NCRI WOMEN'S COMMITTEE

Works extensively with Iranian women outside the country and maintains a permanent contact with women inside Iran. The Women’s Committee is actively involved with many women's rights organizations and NGO's and the Iranian diaspora. The committee is a major source of much of the information received from inside Iran with regards to women. Attending UN Human Rights Commission meetings and other international or regional conferences on women’s issues, and engaging in a relentless battle against the Iranian regime's misogyny are part of the activities of members and associates of the committee.

Leading women of Iranian Resistance

Women have become indispensable to the Iranian opposition movement in its struggle for regime change and democracy in Iran.

So, at every crucial juncture women are seen playing their crucial role in the movement. One such watershed moment took place on September 1, 2013, in Ashraf.

 

On September 1, 2013, as the Iranian regime was preparing to sit at the negotiating table in Geneva over its nuclear program, hitmen massacred 52 unarmed, innocent, and legally protected civilians at Camp Ashraf, the 30-year seat of the Iranian opposition, the People's Mojahedin Organization of Iran, in Iraq.

 

The assault began at 5 a.m. and lasted until late afternoon. Iraqi special forces and Iranian commandos machine gunned unarmed and defenseless people while their hands were tied behind their backs and shot them in the head; a big crime against humanity by all standards.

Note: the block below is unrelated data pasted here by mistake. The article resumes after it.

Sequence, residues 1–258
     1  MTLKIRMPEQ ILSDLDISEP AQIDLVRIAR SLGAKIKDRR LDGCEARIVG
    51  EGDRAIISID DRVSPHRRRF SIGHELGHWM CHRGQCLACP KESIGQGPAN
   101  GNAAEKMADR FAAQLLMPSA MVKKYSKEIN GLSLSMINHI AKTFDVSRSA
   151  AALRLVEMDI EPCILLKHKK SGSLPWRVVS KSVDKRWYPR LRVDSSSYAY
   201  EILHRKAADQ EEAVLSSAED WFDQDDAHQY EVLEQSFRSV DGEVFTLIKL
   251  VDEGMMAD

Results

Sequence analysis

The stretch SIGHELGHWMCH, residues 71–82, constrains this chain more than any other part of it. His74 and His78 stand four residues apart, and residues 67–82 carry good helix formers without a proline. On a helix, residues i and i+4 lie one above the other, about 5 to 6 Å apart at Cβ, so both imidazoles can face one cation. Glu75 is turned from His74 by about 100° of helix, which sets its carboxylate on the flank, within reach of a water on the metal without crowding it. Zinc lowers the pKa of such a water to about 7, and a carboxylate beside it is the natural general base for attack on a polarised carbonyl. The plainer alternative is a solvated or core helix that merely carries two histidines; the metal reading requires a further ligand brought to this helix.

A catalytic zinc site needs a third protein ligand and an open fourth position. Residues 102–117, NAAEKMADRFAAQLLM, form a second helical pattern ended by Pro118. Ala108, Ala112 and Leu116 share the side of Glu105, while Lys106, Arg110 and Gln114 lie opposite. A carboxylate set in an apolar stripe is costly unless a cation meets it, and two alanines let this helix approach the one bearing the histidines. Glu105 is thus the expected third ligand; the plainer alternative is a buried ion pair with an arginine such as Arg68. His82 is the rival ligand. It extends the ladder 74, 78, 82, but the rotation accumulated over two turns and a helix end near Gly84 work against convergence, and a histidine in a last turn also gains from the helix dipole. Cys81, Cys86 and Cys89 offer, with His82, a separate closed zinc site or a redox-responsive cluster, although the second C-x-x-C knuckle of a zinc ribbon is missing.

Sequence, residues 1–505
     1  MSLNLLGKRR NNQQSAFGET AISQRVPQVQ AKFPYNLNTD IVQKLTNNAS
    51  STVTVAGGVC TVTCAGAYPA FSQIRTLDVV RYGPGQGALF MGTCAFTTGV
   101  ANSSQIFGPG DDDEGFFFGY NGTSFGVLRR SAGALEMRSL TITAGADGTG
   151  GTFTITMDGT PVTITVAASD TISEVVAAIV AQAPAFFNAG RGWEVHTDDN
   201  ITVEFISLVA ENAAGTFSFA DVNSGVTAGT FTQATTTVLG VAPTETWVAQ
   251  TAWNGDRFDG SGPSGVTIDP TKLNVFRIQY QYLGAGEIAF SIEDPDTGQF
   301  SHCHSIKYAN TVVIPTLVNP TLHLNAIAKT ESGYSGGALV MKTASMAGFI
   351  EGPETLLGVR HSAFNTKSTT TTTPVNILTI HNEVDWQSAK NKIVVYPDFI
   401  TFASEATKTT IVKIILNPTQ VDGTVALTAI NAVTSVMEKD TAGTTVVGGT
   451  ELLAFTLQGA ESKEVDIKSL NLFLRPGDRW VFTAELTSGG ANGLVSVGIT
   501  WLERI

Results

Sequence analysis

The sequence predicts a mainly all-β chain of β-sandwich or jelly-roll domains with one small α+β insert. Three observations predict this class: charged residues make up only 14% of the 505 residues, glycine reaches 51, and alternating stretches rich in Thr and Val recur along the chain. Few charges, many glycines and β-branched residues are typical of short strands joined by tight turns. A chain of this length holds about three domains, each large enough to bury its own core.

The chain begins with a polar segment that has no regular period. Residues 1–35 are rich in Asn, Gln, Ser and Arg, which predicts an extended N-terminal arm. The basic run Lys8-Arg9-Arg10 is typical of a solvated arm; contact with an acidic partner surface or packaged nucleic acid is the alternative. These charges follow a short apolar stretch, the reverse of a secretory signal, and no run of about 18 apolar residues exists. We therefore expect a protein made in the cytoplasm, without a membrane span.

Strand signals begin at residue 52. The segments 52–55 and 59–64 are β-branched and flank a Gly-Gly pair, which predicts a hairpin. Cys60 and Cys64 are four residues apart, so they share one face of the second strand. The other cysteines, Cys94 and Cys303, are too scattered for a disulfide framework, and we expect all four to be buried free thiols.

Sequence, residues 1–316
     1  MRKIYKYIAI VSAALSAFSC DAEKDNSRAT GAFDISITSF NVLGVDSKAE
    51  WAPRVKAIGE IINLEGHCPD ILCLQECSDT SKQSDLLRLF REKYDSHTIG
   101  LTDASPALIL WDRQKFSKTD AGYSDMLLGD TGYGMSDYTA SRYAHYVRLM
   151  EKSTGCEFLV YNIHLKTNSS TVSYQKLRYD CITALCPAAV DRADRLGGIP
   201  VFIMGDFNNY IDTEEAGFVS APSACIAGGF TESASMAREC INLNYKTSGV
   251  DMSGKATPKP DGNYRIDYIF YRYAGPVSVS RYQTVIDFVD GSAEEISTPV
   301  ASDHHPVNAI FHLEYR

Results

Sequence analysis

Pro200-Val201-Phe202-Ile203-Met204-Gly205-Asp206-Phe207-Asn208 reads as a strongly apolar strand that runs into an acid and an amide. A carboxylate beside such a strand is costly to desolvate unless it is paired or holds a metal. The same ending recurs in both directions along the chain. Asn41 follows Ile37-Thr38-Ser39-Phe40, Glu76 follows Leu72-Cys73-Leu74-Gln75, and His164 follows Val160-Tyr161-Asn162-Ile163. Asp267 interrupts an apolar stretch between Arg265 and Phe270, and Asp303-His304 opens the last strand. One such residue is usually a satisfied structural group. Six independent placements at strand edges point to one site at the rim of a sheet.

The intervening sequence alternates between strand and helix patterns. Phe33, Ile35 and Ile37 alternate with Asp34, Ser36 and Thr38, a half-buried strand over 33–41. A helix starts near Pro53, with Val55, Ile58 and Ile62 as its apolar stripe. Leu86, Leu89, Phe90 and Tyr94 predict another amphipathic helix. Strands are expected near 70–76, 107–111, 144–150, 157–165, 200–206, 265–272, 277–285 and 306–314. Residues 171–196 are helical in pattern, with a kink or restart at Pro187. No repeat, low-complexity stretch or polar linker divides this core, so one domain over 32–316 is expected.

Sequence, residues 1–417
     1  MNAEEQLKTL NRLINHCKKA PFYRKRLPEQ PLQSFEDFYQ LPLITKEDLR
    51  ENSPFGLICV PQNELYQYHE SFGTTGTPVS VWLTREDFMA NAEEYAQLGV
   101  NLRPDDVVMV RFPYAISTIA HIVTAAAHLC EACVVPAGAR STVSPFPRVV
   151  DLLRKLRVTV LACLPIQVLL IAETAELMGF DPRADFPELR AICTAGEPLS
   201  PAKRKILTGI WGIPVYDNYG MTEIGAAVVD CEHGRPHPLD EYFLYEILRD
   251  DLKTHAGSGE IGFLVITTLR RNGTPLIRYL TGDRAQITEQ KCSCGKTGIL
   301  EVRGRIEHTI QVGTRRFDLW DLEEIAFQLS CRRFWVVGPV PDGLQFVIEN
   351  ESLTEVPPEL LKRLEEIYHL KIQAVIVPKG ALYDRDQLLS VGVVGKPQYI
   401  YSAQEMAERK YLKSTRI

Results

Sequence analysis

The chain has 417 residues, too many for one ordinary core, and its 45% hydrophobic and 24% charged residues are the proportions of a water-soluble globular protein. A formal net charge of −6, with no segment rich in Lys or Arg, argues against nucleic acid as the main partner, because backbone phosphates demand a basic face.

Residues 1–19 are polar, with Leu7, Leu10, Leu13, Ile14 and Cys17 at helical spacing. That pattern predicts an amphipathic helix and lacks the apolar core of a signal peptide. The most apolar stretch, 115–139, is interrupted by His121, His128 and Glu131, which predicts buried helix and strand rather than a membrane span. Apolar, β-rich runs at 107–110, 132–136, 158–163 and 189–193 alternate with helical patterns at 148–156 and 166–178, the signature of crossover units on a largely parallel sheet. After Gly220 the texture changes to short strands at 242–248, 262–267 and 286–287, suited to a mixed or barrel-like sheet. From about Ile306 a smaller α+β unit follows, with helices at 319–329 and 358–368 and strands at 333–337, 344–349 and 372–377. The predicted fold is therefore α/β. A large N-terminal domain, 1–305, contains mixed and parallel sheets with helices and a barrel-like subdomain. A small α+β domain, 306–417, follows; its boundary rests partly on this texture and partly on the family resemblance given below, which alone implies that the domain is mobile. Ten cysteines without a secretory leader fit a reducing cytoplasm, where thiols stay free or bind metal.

Of the 13-woman camp leadership, six were murdered and six were abducted and taken hostage. The 52 individuals killed were part of the one-hundred people who remained in Ashraf according to a quad-lateral agreement between Ashraf residents, the United States, the United Nations, and the Iraqi government to protect residents’ properties. All of them were protected persons under the Fourth Geneva Convention and classified as “persons of concern” who enjoy “international protection” by the United Nations High Commissioner for Refugees, and they had stayed in the camp based on assurances given by the U.N., the U.S., and the Iraqi government.

 

The Iranian regime sought to deal a heavy blow to its main existential threat, the PMOI/MEK, prior to the negotiations in Geneva where it had to give up its nuclear weapons program in exchange for lifting of crippling sanctions. Three months earlier, Hassan Rouhani took office, a sign of the regime's weakness inside Iran. In Iraq and Syria, the governments backed by the Iranian regime faced popular protests and international censures for chemical bombing of innocent people, respectively. The cowardly attack on defenseless people in Ashraf was therefore launched to overshadow the regime's weaknesses at a crucial juncture.

 

On the anniversary of this tragic massacre, let us remember the great women – the equal human beings-- who gave their lives to set an example of strength, steadfastness and devotion to the cause of freedom despite all its hardships and dangers.